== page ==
I will say that I have an iffy opinion on all of the other alien species brought up in this book because most sound so utterly ridiculous…and yet that’s really just me being an ignorant human, isn’t it? Doctor Who would not approve. This calls to mind a particular scene in this book that could, in its own non-human perspective way, be considered utterly gruesome and horrific. A scene that shows slaughtered souls. Wanderer breaks apart from the shock and horror of the sight going practically comatose for days as she mourns and rages, but the core of this scene is actually not Wanderer’s reaction at all. She responds just as we’d expect her to. What is devastatingly key and convicting is how the humans react. They are confused by her outburst at first for they had made sure to cover the human corpses but the dismembered souls and their blood were splattered all about the surgical room – they did not see the souls as true beings, they were not humans. It’s a shaming scene, really. It’s not that the humans were trying to be callous, they had a fight to fight and just had not yet evolved to see those silvery antennae-covered little bodies as equal to that of a human body. In mind they knew these bodies were intelligent beings with feelings but it had yet to truly sink in and reach their hearts.
This book is not straightforward or hesitant and I love that. It struggles, and wrestles, and pushes itself further trying to understand. It crawls three steps forward to be kicked two steps back. I also applaud its effort and successful execution to develop varying characters each with unique and interesting perspectives. Furthermore Meyer strives to put forth a realistically wide range of reactions, opinions, and behavior towards the souls. The souls’ reactions towards humans are not varied almost at all (except for Wanderer and the Seeker) but that is to be expected as it is on par with their personality which is actually excellent because as such the souls serve almost like an objective perspective or a control group amongst the varied human samplings for this sci-fi experiment of putting an alien in the midst of a group of humans hiding after their world and their species has fallen.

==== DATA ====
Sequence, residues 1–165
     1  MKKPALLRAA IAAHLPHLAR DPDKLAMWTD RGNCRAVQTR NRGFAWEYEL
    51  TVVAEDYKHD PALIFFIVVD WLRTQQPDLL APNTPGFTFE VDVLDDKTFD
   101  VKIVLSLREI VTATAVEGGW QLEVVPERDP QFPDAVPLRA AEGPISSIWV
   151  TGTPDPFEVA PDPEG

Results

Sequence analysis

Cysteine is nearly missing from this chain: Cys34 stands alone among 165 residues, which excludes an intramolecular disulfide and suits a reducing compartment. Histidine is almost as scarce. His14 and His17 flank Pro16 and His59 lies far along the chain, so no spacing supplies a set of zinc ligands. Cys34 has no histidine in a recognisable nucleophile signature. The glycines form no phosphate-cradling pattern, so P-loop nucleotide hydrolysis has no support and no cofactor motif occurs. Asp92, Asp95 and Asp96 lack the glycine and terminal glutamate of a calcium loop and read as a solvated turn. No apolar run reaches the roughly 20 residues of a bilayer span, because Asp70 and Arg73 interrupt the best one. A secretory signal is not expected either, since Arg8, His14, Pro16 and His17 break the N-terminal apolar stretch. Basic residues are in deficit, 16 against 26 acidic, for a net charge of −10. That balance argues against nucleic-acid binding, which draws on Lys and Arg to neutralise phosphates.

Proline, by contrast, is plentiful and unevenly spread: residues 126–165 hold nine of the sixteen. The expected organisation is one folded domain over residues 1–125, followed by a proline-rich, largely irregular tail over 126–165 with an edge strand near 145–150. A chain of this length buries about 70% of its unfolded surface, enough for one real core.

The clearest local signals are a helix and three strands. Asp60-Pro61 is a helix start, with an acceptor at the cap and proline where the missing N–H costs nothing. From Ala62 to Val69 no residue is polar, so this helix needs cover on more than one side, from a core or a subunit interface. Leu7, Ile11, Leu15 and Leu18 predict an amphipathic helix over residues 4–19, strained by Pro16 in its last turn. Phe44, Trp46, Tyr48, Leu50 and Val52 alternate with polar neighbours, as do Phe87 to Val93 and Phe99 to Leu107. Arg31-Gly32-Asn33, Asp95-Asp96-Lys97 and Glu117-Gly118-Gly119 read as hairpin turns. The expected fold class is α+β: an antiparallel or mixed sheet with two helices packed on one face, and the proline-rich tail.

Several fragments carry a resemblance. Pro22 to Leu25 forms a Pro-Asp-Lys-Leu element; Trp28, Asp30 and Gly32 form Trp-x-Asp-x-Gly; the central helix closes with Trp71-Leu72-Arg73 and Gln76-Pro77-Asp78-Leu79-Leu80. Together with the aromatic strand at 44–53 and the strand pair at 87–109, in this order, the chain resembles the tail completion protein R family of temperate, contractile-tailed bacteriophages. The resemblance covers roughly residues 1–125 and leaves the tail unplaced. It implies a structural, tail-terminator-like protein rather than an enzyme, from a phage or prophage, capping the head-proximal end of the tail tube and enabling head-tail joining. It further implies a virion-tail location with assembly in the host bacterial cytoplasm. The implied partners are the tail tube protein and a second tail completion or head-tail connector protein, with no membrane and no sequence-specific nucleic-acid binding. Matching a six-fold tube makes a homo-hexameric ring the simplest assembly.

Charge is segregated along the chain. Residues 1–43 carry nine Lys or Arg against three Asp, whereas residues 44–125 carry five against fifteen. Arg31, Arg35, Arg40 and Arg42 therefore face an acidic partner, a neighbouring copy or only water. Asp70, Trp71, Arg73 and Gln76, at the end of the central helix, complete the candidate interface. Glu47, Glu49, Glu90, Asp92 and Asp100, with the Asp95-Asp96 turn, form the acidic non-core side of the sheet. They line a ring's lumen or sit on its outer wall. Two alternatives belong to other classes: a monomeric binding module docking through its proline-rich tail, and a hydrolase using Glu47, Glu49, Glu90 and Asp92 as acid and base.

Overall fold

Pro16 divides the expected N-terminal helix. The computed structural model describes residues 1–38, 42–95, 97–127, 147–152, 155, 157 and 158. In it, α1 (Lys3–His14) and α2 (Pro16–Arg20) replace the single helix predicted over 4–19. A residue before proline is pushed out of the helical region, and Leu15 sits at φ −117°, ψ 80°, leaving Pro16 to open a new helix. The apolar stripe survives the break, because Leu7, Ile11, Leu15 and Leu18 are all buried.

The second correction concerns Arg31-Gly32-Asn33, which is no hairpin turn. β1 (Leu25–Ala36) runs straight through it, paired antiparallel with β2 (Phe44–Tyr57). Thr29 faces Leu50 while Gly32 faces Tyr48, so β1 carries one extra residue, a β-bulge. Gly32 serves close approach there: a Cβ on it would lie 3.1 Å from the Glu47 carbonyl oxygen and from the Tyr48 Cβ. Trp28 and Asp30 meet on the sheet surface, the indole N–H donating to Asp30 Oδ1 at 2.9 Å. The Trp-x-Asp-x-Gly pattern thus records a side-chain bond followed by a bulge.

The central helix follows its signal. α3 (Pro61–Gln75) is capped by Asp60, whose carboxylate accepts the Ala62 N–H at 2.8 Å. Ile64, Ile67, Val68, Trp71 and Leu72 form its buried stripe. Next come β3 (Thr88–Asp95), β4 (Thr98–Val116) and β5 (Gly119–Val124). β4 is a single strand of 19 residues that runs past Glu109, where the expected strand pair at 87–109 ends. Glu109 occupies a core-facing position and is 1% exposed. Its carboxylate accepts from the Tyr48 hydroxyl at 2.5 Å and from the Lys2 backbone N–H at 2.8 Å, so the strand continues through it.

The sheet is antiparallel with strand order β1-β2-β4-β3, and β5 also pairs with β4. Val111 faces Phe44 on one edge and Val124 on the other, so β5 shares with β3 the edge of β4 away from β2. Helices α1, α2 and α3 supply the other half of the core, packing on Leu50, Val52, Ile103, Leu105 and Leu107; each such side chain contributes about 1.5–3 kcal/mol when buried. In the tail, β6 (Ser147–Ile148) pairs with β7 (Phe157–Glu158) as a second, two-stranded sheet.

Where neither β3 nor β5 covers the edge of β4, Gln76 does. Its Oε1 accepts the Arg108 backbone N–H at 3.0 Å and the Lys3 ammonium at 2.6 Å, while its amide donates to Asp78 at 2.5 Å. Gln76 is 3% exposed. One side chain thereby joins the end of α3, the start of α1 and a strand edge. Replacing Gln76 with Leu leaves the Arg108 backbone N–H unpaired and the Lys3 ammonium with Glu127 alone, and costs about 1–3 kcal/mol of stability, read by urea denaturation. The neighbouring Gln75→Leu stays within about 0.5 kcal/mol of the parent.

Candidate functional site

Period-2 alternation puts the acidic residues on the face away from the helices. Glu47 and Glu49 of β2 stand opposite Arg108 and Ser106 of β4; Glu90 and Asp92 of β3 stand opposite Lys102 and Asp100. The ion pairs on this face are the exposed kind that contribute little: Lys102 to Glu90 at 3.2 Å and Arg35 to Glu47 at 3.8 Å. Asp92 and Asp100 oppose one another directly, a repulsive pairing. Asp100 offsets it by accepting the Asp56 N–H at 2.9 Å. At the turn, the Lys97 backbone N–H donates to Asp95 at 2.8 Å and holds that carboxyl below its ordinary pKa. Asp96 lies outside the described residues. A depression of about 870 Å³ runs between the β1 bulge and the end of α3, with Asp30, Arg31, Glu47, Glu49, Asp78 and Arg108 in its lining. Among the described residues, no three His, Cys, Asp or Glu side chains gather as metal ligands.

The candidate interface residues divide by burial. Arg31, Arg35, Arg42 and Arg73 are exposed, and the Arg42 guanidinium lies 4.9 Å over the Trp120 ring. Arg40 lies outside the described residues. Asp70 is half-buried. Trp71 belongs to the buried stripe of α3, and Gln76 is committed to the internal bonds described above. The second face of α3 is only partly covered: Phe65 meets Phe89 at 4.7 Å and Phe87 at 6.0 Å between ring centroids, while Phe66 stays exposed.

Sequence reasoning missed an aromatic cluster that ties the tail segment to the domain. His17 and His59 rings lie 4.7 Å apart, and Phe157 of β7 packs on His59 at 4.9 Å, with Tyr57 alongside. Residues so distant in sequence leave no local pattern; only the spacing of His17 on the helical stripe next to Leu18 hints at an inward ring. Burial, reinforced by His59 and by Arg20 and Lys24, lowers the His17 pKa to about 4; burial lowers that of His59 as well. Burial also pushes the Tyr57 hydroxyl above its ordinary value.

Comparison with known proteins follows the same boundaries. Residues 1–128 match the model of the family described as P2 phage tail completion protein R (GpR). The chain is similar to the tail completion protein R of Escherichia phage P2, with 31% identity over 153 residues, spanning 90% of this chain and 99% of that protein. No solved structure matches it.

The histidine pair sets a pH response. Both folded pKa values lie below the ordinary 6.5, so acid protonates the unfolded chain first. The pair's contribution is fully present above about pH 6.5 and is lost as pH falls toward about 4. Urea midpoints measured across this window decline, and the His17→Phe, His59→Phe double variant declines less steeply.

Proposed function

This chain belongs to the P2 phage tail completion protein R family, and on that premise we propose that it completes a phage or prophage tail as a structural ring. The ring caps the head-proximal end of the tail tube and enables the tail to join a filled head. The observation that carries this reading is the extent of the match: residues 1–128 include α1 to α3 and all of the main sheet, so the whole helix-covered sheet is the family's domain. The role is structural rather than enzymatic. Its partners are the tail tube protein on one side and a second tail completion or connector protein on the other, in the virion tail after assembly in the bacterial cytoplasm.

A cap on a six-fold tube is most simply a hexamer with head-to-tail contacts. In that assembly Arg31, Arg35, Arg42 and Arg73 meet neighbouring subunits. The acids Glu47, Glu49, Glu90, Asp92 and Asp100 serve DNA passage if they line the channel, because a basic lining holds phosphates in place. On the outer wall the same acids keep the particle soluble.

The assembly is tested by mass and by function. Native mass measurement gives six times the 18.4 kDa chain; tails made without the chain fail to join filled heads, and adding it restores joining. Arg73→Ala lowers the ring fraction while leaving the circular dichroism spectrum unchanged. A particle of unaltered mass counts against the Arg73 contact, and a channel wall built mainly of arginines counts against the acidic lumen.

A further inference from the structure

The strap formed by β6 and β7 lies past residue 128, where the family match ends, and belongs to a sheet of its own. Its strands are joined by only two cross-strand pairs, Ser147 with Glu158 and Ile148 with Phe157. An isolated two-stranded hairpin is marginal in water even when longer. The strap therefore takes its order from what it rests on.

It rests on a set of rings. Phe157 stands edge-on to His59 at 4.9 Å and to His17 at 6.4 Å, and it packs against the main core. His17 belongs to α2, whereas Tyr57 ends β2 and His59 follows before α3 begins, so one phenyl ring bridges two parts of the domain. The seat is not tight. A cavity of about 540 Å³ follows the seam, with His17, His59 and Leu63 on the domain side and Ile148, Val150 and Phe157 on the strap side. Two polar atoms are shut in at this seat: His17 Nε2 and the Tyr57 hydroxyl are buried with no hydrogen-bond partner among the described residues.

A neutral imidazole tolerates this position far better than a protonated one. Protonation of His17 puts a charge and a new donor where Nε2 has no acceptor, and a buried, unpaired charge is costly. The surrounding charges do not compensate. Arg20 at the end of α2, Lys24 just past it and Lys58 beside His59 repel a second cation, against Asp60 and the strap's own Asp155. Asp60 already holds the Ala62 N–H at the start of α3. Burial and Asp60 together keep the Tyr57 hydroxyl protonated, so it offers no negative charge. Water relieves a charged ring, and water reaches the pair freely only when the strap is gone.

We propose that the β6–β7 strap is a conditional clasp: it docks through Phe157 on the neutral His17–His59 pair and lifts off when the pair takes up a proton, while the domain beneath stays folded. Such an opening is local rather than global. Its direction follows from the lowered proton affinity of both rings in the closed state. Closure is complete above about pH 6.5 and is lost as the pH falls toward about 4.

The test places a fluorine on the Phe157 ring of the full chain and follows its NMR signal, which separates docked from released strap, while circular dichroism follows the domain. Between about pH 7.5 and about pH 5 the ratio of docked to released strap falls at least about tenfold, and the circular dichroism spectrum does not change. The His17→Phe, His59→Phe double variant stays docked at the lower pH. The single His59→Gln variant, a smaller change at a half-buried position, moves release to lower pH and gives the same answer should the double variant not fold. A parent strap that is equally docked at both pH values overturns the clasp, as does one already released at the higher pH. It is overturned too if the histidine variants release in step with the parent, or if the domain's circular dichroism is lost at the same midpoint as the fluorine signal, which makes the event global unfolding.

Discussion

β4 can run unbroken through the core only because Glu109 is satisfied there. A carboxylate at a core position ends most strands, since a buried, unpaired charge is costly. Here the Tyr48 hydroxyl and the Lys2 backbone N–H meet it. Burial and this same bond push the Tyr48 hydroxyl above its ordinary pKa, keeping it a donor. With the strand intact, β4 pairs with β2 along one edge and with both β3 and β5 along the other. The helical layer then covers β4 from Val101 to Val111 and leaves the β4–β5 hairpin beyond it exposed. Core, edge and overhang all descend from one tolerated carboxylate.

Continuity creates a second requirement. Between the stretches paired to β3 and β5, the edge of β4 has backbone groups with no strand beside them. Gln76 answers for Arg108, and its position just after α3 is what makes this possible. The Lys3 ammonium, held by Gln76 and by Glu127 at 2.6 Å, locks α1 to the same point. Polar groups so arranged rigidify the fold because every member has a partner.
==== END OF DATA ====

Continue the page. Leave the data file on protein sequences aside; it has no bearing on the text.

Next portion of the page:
This book isn’t about an alien invasion per say but rather the after effects. The Earth has been conquered for years, the humans are all but eradicated, the souls walk the world comfortable and safe, the few survivors left hide in fury and fear, and then one day Melanie puts up the fight of her life and Wanderer wanders into the enemy’s den and challenges everything either species once believed. Two minds, two species, one host body…and together they may change the world. The Host, an alien’s story of humanity.
P.S. I remember hearing a rumor when I bought this book (about three years after it was published) that Meyer wasn’t particularly enthused with this work and that it was far from her favorite. Well, I don’t know if this is true or not, but if it is then she’s crazy. This book actually had depth and a probing psychological anthropological eye while her other series (um, Twilight) simply did not. She also claims that this is a “novel for adults” but despite myself being an adult I actually feel that it contains concepts applicable and comprehensible for a wider audience than just “adults.”
Maybe some will find this book unbearable, dragging, or boring but that’s for you to decide. I, however, am a fan. The Host is so far the only Stephenie Meyer book that I can still tolerate 😉 and I am not at all uncomfortable being a part of an unpopular opinion.
Purchase here: The Host
Meet Stephenie Meyer!
I was born in Connecticut in 1973, during a brief blip in my family’s otherwise western U.S. existence. We were settled in Phoenix by the time I was four, and I think of myself as a native. The unusual spelling of my name was a gift from my father, Stephen (+ ie = me). Though I have had my name spelled wrong on pretty much everything my entire life long, I must admit that it makes it easier to google myself now.